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was operating as recently as 4 years ago.
Agreed with the rest of your comment. Condos, apartments and commercial space going up hundreds of feet is certainly going to bring in more property taxes than the garage.

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The BRA and city hall in their infinite wisdom wanted the city to sell this to the BRA for an absurdly low number -like $20 million. Fortunately Shirley Kressel and others , like Kevin McCrea, jumped in and called BS. We now have the bid for $150 millilon. Depends a lot on what finally gets permitted, but assuming a resale value of $500 million for the condos, 30% for land is in the ballpark, especially with the affordable housing mandates.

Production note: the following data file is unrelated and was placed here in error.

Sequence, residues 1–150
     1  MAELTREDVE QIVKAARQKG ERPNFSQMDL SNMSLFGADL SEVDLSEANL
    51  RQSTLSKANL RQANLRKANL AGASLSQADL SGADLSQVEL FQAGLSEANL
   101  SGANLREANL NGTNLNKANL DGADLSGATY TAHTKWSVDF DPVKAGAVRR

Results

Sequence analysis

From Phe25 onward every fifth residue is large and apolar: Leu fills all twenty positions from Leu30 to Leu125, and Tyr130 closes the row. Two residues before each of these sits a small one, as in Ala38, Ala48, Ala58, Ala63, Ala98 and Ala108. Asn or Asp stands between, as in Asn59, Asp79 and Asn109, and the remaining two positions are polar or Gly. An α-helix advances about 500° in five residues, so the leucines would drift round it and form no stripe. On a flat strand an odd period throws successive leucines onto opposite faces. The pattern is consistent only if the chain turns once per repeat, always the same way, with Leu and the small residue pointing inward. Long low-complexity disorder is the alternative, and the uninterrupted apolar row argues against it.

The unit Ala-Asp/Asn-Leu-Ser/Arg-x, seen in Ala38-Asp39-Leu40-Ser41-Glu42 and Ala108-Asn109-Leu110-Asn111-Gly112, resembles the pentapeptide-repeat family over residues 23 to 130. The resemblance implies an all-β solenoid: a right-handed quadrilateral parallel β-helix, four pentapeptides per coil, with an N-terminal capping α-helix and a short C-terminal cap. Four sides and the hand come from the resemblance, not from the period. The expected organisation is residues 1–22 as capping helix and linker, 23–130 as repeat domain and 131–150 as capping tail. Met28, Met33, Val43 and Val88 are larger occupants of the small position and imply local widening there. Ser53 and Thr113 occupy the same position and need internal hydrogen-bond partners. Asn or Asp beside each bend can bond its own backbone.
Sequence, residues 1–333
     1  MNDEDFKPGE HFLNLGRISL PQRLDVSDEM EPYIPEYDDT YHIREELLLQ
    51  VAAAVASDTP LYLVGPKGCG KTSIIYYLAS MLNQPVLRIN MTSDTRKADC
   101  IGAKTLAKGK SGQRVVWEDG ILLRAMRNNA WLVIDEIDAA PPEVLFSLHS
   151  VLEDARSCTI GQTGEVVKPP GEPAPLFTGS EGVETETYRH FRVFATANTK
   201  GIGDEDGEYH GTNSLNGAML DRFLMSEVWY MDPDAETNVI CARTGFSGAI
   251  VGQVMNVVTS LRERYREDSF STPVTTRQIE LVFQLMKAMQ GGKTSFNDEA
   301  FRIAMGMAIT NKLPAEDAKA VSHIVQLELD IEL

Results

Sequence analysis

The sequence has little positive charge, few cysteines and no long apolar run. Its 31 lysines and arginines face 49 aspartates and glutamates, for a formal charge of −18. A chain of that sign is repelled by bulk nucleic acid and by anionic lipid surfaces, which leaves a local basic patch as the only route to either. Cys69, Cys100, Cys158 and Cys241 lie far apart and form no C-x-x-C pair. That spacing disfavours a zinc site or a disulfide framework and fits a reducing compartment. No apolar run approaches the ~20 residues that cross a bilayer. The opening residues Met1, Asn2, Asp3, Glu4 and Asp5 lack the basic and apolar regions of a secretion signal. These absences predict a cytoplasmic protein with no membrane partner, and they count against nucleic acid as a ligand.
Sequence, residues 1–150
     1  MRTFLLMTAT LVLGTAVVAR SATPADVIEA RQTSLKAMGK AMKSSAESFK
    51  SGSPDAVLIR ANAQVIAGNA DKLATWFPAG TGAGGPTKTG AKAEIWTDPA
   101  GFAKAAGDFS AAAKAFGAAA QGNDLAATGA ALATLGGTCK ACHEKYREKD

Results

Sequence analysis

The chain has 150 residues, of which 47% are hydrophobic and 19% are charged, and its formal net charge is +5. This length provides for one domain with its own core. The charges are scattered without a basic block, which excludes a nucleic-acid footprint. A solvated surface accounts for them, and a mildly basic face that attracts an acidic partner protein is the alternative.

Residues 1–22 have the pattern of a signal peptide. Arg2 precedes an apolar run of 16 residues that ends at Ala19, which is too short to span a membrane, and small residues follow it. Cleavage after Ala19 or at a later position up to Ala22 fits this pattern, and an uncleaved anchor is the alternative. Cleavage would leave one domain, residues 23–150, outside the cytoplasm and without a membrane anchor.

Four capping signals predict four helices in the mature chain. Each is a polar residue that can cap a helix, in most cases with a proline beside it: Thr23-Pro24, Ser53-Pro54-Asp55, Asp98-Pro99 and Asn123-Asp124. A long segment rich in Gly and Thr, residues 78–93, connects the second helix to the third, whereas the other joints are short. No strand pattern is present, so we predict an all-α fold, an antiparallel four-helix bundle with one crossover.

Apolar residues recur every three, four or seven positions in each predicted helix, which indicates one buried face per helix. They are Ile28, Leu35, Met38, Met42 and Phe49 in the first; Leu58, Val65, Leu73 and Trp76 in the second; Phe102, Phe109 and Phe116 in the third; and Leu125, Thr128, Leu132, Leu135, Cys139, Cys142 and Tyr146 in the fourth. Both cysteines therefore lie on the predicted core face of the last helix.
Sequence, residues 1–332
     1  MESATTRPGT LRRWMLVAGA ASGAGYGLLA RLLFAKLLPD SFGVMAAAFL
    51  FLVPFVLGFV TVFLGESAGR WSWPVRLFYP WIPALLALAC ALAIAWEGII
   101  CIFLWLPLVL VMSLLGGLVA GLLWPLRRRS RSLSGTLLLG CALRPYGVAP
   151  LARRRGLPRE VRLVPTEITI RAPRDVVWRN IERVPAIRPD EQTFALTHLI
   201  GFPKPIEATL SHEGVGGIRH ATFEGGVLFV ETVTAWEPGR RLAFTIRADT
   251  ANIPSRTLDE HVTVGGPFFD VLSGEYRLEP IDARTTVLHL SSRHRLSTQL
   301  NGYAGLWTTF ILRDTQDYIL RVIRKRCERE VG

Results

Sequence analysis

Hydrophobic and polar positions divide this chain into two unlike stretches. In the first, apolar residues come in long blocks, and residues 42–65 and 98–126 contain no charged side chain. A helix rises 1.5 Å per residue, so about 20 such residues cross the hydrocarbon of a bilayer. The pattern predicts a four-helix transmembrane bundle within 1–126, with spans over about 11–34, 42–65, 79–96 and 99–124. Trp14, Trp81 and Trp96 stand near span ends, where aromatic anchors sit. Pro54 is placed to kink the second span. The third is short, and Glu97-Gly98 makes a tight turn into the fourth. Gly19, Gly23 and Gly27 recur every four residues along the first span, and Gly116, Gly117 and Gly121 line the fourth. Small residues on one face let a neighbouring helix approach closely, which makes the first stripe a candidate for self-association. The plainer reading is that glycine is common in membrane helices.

For the record This sounds like it might be a reasonable or even good deal for shadow opponents and the city - and maybe we can use it as leverage for another $25 million from the developer for the Greenway. (?) I'll let those who have thought a lot more about this lead the way.

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there are no legit reasons why this parcel shouldn't finally be developed.

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Look, we pretty much all agree a building should be built there to replace the garage. But it should be one where the developer paid a fair price for the land, and where the building is no taller than surrounding buildings. This is just like Chiafaro's monstrosity where the Aquarium garage stands. These developers are already rich, and only need to make slightly more than they spend on the land and construction. So if they say they can't make enough, when they only paid 153m for the spot, without building 20 extra stories or whatever, they are lying.